Findings 42 through 49 are mere recitations of the applicable statutory considerations imposed by § 22-2-23, supra, phrased in conclusory language. An appellate court is not bound to accept such conclusions as ultimate facts. Gillespie v. O’Neill, 38 N.M. 141, 28 P.2d 1040 (1934).

Findings of fact 5 through 9, 25 through 31, and 34 through 39 concern the birth of Mrs. Lente’s seven children and their illegitimacy. I am not disposed to say conclusively that illegitimacy of large numbers of children may not be a factor in an overall determination of parental fitness; but as the trial court itself noted, under the termination statute,

“. . . the important test here, evidentally [sic] is assuming you have the situation as described in the statute, the Court has to find that it either cannot be remedied or will not be remedied.”

The uncontradicted testimony of Mrs. Lente was that she submitted to a tubal ligation, an operation which renders her incapable of bearing more children, shortly after the birth of Jesse. The findings of fact relating to the illegitimate births of Mrs. Lente’s children do not support the conclusion of law that her behavior is “irremedial and will not be remedied.”

Finding of fact number 40 states in part that Jesse “visited with Respondent Mary Lente, and was compelled to sleep in the same room with Mary Lente who slept with another man. . . .” A thorough search of the transcript reveals that the only support for this finding was the assertion of the Hueys that Jesse, the five year old subject of this action, had discussed the sleeping arrangements in Mrs. Lente’s home and that he had “another daddy.” No other witness gave direct testimony as to this “other man”; the representative of HSSD, who supervised both regular and unannounced visits of the Lente home, asserted that “. . . we do make unannounced visits and we have several times and there hasn’t been a man around.” If this finding was designed to indicate sexual irresponsibility on the part of Mrs. Lente, it was contradicted by the assertion of the casework supervisor who testified that “We don’t see Mrs. Lente as being promiscuous, and I have *597never viewed her as promiscuous. And I don’t think my workers have viewed her as promiscuous.” I conclude that the hearsay evidence on this point provided by Mr. and Mrs. Huey as related to them by a five year old child in the face of the contradictory evidence provided by the HSSD representatives who had observed the Lente home as a part of their official duties is not “such relevant evidence as a reasonable mind might accept as adequate support for a conclusion.” Samora v. Bradford, supra.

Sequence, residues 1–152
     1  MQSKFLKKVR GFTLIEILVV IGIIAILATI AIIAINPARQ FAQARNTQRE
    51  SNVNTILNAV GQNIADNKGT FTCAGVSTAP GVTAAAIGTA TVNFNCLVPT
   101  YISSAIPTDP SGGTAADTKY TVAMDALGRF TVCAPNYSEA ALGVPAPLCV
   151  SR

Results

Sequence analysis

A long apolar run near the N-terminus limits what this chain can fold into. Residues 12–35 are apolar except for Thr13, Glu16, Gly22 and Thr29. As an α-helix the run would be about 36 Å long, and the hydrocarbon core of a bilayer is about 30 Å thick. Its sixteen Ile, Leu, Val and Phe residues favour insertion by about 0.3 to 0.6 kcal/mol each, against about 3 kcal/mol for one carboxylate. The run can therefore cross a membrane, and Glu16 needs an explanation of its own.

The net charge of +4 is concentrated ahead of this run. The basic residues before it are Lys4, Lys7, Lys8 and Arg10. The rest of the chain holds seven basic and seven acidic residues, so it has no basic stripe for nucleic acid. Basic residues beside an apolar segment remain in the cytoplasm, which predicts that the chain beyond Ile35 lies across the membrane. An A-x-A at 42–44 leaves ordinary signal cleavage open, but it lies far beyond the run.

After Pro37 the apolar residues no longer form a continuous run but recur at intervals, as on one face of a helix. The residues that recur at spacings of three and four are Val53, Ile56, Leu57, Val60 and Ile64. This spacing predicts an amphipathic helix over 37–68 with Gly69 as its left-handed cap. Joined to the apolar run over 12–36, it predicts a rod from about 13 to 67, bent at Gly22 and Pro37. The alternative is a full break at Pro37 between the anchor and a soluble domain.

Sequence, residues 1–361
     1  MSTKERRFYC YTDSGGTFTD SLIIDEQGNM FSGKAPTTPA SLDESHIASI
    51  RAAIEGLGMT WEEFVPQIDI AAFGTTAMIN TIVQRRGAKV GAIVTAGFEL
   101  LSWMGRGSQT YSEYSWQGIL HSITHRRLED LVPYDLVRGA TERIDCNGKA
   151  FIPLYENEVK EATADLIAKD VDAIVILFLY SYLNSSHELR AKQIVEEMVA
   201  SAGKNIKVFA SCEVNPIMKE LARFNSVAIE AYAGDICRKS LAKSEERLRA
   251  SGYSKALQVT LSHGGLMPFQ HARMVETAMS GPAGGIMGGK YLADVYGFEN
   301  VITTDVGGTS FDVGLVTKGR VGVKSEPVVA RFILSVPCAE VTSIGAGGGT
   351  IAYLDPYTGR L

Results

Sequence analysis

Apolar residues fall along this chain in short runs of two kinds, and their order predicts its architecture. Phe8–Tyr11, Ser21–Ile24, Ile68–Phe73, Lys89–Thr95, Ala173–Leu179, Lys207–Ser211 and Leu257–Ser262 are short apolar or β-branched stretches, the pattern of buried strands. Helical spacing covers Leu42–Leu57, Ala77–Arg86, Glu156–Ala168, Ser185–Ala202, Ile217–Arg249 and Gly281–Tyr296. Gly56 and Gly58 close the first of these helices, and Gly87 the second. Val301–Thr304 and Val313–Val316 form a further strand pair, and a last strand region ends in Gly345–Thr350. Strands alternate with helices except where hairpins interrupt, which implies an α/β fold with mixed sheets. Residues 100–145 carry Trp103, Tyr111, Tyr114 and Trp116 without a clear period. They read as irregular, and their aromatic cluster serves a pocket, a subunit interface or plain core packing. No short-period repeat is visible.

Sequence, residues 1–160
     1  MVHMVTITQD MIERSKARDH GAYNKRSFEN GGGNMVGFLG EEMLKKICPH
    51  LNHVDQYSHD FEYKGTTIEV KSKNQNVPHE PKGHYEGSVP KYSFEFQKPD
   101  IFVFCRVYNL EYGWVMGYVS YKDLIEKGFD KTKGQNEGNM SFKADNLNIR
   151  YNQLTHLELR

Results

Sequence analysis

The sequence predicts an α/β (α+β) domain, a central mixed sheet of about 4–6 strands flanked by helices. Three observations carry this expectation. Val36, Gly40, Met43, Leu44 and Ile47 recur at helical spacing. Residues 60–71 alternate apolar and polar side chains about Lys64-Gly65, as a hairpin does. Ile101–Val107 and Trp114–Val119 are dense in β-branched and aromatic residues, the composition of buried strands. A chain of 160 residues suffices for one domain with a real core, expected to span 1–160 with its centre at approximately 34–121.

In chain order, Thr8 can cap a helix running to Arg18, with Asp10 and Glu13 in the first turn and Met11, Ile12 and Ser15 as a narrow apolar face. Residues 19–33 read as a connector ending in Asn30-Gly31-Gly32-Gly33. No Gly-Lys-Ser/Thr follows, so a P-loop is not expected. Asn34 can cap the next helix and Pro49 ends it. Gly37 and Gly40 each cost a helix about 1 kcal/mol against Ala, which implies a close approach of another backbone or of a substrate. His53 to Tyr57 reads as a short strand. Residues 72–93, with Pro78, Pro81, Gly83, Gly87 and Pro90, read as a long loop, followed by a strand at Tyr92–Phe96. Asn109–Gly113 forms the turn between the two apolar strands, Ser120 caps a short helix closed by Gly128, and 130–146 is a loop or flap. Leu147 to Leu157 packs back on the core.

The findings of the trial court with respect to the adequacy of the Lente home, the financial situation of Mrs. Lente, the education of the children and the present habits and conduct of Mrs. Lente have no basis in competent evidence in the record. The uncontradicted evidence of the HSSD representatives and the visiting nurse, Mrs. Pecha, lead to the conclusion that while clearly not affluent, Mrs. Lente was providing an adequate home for the children, was looking after their education, and was capable of taking proper steps to insure their .health and regulate their conduct. The mere fact that she was and had been a welfare recipient is not evidence of unfitness. Findings for which there is a total lack of support in the record may be set aside. Lumpkins v. McPhee, supra; Ortega v. Ortega, 33 N.M. 605, 273 P. 925 (1928).

To summarize briefly, in termination proceedings brought under § 22-2-23, supra, the only evidence which should properly be considered by the trial court is that evidence which is relevant to the parent’s behaviour, attitude and relationship with the child. The court may not balance the backgrounds of the parties and decide which party may provide the “better” environment for the child. If such considerations are applicable they are applicable in adoption proceedings and not in actions brought to terminate the rights of a natural parent.

The evidence as to the parent’s fitness, must be such as to clearly and convincingly persuade the fact finder that the parent is unfit. A mere preponderance of the evidence is not sufficient.

Finally, findings by the trial court must be supported by substantial evidence in the record and may not be mere conclusions drawn in the language of the termination statute.

For these reasons only, I agree that the judgment of the lower court should be reversed and that the child should be immediately returned to his natural mother.